Quality Improvement In Action: ‘Stop the Clot!’ Assessing VTE Risk from the ED to Fracture Clinic

‘Stop the Clot!’ Assessing VTE Risk from the ED to Fracture Clinic was led by Ms Laura Lincoln – St Vincent’s Hospital, Sydney

As part of the ACHS Improvement Academy, Quality Improvement Lead (QIL) Training Program, participants undergo a quality improvement project that relates specifically to their organisation. This allows for all the theory learnt in the program to be applied in real-time, and these projects are a great example to the organisation and the broader community about how to implement change. 

In this project summary below we share how Ms Laura Lincoln, from St. Vincent’s Hospital in Sydney, looks into a widespread issue of Venous thromboembolism (VTE) and the steps followed towards prevention.  


More than 14,000 Australians develop VTE (vein blood clots) per year and more than 5000 will die as a direct result. With the evidence suggesting it is one of the single most preventable cause of in hospital death, the significant financial costs associated and the high incidence of sequalae, VTE risk stratification and prevention is critical.  

Following a serious adverse event review, a recommendation was given for a multidisciplinary team to review and map out the outpatient’s fracture journey from Emergency Department (ED) to the fracture clinic. Combining this with our Ministry of Health requirements and general desire from staff to have standardised practice in venous thromboembolism (VTE) risk screening and management, a multidisciplinary group was formed to review the process and implement a change to improve patient safety.  

Project Summary 

The identified problem was the significant variation and lack of standardisation in the documentation of VTE risk assessments in ED. Current practice does not meet Ministry of Health policy requirements or align with the Framework for VTE prevention and/or VTE Clinical Care Standard. The aim of this project is for 100% of patients who present to ED with a lower limb injury and are unable to fully weight bear, will have a documented VTE risk assessment in their medical record within 12 months.  

A series of diagnostics were completed to understand the problems, issues, challenges and barriers to documenting a VTE risk assessment in ED. This included an affinity diagram, literature search, clinical incident investigation, team brainstorming, local data collection and medical officer focus groups. This was complimented by patient feedback in understanding the ED to fracture clinic journey. Data will be collected on risk assessment completion weekly and fed back to clinical teams monthly to understand challenges and successes. The team then progressed through the cycle depending on what initial data shows and give directions on where the team should focus.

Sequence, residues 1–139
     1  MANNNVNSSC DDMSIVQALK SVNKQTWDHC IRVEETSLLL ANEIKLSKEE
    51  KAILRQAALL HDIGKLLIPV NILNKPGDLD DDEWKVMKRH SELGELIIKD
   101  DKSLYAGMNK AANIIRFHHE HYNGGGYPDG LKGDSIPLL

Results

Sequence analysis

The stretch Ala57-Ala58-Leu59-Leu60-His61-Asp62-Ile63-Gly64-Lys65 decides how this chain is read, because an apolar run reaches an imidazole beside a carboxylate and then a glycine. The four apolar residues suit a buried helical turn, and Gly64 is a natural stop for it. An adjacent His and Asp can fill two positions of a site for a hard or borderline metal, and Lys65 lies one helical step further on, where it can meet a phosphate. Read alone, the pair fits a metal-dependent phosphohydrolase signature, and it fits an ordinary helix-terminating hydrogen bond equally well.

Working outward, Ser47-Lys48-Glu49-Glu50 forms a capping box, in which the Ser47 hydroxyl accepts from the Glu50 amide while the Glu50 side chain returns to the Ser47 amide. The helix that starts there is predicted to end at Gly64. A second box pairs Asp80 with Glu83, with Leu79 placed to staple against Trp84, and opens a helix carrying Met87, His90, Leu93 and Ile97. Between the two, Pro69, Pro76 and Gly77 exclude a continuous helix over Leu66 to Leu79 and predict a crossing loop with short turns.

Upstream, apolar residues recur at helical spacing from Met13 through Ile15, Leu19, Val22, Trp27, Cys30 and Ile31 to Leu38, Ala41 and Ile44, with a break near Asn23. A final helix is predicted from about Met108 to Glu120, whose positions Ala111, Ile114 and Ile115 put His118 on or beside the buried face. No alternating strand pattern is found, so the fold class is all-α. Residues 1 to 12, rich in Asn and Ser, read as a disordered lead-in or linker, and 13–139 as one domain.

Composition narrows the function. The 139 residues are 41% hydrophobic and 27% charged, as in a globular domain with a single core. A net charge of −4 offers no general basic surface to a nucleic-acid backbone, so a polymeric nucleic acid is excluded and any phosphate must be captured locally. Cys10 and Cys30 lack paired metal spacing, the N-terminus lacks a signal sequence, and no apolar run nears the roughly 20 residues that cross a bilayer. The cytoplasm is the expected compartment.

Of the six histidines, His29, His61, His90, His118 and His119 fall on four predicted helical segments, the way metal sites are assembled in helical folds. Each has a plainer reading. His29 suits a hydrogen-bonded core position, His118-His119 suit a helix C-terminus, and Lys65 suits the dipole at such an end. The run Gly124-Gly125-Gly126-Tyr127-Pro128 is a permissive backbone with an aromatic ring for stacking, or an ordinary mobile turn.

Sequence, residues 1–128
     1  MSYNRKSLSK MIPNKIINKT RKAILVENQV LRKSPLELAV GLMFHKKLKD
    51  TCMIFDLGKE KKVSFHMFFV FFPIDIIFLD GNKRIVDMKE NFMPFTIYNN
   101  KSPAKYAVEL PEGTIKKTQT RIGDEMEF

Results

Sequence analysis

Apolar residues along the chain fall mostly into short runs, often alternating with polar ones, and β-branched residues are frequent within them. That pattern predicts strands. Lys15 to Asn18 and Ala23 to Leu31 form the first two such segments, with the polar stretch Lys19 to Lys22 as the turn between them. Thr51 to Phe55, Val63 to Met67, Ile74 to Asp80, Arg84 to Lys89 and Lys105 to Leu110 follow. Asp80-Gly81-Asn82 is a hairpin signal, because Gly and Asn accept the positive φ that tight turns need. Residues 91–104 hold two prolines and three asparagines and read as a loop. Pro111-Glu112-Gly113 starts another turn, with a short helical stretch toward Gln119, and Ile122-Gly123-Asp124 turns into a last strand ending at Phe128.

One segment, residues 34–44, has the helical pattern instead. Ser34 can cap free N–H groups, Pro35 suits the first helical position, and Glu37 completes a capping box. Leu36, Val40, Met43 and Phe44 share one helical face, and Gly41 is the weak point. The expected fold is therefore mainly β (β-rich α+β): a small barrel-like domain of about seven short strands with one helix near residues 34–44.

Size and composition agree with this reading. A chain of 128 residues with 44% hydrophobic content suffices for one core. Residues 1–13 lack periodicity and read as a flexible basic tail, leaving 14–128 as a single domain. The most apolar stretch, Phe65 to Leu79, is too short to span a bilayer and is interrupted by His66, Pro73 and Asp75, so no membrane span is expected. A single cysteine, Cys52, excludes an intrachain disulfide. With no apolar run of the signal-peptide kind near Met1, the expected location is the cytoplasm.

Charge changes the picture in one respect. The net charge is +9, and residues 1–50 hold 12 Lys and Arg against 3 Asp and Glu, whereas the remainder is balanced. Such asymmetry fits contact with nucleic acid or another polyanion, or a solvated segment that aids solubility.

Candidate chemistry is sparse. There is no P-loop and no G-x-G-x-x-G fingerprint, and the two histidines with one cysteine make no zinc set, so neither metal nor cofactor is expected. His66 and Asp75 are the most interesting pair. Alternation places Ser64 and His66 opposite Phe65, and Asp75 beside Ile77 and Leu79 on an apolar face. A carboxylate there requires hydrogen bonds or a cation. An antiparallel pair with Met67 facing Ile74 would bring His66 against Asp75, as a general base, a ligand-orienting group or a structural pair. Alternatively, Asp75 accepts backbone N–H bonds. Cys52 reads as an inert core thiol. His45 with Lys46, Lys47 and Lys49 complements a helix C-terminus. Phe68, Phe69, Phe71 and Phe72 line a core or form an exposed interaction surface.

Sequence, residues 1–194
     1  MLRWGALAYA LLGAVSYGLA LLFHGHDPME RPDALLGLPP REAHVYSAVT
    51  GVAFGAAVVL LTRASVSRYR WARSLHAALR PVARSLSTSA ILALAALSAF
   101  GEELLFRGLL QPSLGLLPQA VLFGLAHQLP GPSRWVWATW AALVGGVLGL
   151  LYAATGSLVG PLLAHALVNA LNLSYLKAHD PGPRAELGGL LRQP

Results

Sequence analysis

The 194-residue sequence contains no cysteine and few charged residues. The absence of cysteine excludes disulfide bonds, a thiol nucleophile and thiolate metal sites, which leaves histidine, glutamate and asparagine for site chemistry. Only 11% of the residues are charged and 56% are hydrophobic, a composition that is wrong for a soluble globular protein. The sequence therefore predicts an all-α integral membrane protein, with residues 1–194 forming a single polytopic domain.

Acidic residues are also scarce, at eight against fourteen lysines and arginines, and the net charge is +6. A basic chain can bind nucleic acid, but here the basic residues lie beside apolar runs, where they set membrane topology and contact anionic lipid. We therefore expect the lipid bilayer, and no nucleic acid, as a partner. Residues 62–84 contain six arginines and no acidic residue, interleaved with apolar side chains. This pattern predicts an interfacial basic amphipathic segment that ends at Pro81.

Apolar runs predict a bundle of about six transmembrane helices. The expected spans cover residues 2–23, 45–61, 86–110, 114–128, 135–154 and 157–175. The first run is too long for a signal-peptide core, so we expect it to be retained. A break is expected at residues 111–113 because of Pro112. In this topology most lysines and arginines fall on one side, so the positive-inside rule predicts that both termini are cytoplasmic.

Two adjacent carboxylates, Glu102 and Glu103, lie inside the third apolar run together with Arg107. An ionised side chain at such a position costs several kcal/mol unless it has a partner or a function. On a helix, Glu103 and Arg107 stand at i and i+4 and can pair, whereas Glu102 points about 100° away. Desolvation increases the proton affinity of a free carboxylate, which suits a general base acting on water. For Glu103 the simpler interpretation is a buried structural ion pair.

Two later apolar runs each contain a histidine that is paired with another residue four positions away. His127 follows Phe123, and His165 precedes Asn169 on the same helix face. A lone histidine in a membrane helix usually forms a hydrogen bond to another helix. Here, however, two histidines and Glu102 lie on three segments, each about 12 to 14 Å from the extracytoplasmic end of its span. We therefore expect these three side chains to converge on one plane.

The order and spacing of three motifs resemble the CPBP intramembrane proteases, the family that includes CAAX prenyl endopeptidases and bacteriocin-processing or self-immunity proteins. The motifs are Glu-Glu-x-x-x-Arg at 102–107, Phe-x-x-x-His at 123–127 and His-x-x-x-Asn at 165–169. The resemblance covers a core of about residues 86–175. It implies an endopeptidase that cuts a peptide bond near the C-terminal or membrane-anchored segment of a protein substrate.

The identified themes included:

  • Poor VTE risk assessment completion rates in the ED and across clinical units, Low rates of patient education on VTE at discharge. 

  • No clear direction or leadership for completion of VTE risk assessment. 

  • Hybrid medical record with current VTE risk assessment difficult to find and not used. 

A modified simple paper based VTE risk assessment has been adopted for use in the ED. It is in the process of going through the final committee approvals prior to going on trial. Multidisciplinary clinical champions have been identified as being integral to the education campaign and trial implementation. Initially data on the form's completion will be collected weekly with monthly feedback to clinicians and regular agenda items for discussion across the clinical units.  

An education campaign was also implemented through hospital wide communication channels, display boards and workforce huddles. There were other awareness campaigns facilitated by local clinical champions.  


SVHS has seen good uptake of the implemented VTE risk assessment form and are underway with further enhancements in VTE risk assessment within the acute hospital. Rates of VTE have dropped significantly over the past few months. As an ongoing project, further support for clinical champions as well as education and training will continue.   

Want to engage in a real-life project to improve patient quality and safety? 
This project is an example of the invaluable knowledge, experience and practical insight that is developed on the QIL Training Program. Led by an expert faculty this nine-month course is an investment in your career development and will give you the practical tool to implement continuous change. Throughout the course you will be supported through virtual, interactive sessions, project work and assessments.   
The ACHS Improvement Academy offers custom QIL training to individuals or a group within an organisation based on the specific service provider. To learn more and ask questions about the program join our upcoming information session

“The QIL program is a very comprehensive and structured process which is helpful for clinicians and health managers who want to expand their knowledge of successful implementation principles within their work.” - Ms Laura Lincoln, Patient Reported Measures Manager, St Vincent’s Hospital Sydney